Yes, I think for the next team, one of their first things they should do is talk to RTW because they are the one making new rules for having our road legal car. And if we are working together with them closely, we can ask for every aspect of the car, if this can go on the road, especially with the 3d printing of the car, if we are implementing that, again, if they are implementing that, again, they should talk to the RTW to see what they think and what can happen with the 3d printing. Because also because we're making a concept car, we're only making one that's also the problem with them. We don't want to crash test our car. It's only one we have made simulations and whatnot with It turned out perfectly. But we don't want to drive them into a wall. And I think that's something we'll still encounter all the time. But we have made road legal cars before they have a number plate, they can go on the road. But they already though we will will play a big role in making a road legal car. And then, for the new technologies like 3d printing, we had to do with them four times now for a monocoque. But for example, the body panels were printed in one time, and that wasn't amazing. One of the companies seed in Delft helped us enormously, they were amazing. I think, just for the 3d printing big parts, we'll just have to look into it further with engineers, it is very much doable, and it's very fun to work on. But it will just take time, because we're one of the first doing it. And that's something we don't always have the time because we are building a car in here. But that's the things we have to work on it because we can choose our own time frame of the project. But if we just wanted to push the industry and ourselves, because we have the the vision that if 35 students can do it in a year, why isn't a big company doing it with like, many more engineers?

Nicholas Hill  16:12  
I am just curious, from a personal level, how was it for you kind of working on this project and getting to be a part of this?

Nikki Okkels  16:20  
It was amazing. Yes. I joined in December of last year, and I didn't know what wasn't happening. I just didn't want to graduate when I was 20. So I was looking for something else. I said in the beginning hour, I'm an engineer and industrial design student. But this time, I was not really into the design of the car. I'm the External Relations Manager, which means I do talk to press, I host social media, I host the website. I love to write blog posts on the website, and be in contact with other external parties. And I also did education with it. So I go to schools and stuff is what I I love to do. And the project was crazy in December, I was starting up pretty easily and I was getting to know the partners and everyone. And then everything started then I think it was March when we are monocoque was delayed because of we are so on top of the industry that we had to try everything out. And we had to print our monocoque, I think three or four times. So it had a delay of a month, month and a half. So we only could start building at the end of March of may, or may. So it was a very short period of time. And I saw everyone stressed out and I was there behind my laptop, getting everything working, and fixing the end events. So we will also have to press coming to our event. Because I know how hard these engineers have worked. And I want them to get like something back for it. So that's also why we're now in the USA presenting this car, because I am very proud of these engineers, and they should be as well. But we also want to show to the outside world how amazing this car is. And I think we've achieved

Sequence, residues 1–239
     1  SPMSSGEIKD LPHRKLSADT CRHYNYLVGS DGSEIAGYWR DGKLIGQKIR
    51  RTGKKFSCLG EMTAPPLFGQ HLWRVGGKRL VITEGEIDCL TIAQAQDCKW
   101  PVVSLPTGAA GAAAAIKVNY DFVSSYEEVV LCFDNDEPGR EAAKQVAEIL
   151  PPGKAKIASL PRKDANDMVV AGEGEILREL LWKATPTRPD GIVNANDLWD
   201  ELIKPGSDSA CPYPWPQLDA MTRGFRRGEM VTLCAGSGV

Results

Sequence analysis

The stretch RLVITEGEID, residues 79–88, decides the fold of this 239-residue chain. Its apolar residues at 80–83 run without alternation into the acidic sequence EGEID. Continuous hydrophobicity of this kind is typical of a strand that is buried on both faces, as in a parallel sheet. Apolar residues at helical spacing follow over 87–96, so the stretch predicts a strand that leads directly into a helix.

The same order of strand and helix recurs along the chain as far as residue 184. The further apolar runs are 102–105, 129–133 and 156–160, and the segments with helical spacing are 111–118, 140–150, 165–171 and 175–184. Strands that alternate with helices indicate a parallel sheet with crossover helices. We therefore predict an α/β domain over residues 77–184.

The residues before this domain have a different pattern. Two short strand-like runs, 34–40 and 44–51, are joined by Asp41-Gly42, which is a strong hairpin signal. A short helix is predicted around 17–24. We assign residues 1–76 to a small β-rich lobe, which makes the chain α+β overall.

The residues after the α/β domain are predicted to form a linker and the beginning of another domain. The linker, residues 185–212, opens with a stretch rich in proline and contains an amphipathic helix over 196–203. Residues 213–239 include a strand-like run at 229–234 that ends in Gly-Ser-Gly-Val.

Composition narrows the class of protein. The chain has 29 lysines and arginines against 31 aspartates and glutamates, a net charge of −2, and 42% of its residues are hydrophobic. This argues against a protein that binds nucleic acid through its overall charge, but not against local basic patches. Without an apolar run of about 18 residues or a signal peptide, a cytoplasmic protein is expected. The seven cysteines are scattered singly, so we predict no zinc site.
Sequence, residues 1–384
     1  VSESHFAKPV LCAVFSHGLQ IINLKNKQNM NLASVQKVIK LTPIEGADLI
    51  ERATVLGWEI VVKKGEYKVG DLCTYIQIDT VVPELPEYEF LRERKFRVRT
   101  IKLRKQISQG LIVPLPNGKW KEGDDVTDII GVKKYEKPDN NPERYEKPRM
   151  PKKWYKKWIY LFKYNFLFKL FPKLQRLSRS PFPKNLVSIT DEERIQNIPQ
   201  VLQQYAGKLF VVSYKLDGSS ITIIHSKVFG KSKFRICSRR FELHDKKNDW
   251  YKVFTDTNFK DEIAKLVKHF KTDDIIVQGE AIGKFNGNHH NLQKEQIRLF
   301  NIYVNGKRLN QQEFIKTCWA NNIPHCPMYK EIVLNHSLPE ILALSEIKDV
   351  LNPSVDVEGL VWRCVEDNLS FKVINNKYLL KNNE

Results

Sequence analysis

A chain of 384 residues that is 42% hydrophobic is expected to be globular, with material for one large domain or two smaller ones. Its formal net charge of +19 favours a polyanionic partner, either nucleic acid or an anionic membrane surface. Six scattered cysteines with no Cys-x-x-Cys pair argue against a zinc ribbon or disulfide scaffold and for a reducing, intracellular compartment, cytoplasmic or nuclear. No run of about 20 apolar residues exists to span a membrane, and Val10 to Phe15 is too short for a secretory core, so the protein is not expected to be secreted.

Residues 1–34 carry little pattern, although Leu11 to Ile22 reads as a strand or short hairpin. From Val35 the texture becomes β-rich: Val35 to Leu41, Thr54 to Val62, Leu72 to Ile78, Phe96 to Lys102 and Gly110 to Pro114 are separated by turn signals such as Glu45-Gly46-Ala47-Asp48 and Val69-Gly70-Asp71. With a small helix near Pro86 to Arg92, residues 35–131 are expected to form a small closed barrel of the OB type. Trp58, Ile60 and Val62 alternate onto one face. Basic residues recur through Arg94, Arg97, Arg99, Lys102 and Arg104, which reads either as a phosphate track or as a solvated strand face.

Nicholas Hill  18:04  
outstanding, I think it has been so cool to see and just kind of reading some of the articles in the press that have come out around them has been really incredible. Is there anything that you would want to tell someone that's interested in sustainability or helping with this?

Nikki Okkels  18:24  
Yes, I think one of the first things that I would like to say is that we're not doing it alone. We know as a students, even though we're not doing it alone, going to innovation. Also, because we're in a Brainport, Eindhoven area, we have a lot of companies that are interested to work together with us to create a more sustainable future. And I think that's also what I want to tell other people, you cannot change the world on your own. We have to work together with each other. And there are many other people that are very interested in sustainability. So look for each other, find each other, maybe do something and have it safe, like building a car, but you don't have to build a car to make an impact. And I think that's the message. Yes.

Nicholas Hill  19:08  
I love that. And you know, we've heard that message so many times on this show about the power of a few people having a great idea and working together to make it happen. Nikki, I want to just say thank you for your time today and for volunteering to talk with us. I know that you are busy, busy, busy right now. And so we certainly appreciate you spending this time and also just thank you to the T u Ecomotive. Team for the hard work and the impact that you're making. And I am excited to continue to see the progress that is made with Zim and and these other cars. So thank you for coming on. Nikki,

Nikki Okkels  19:51  
thank you so much for the invitation. It was an honor. Thank you

Nicholas Hill  20:07  
Today's show was directed and produced by me with music from Alex Grohl special thanks to our guests for their time and insight. If you like today's episode, please follow us wherever you listen to podcasts and consider leaving a review, as it will help us to spread the word about the show. You can view more information about today's episode online at acts of Thank you for listening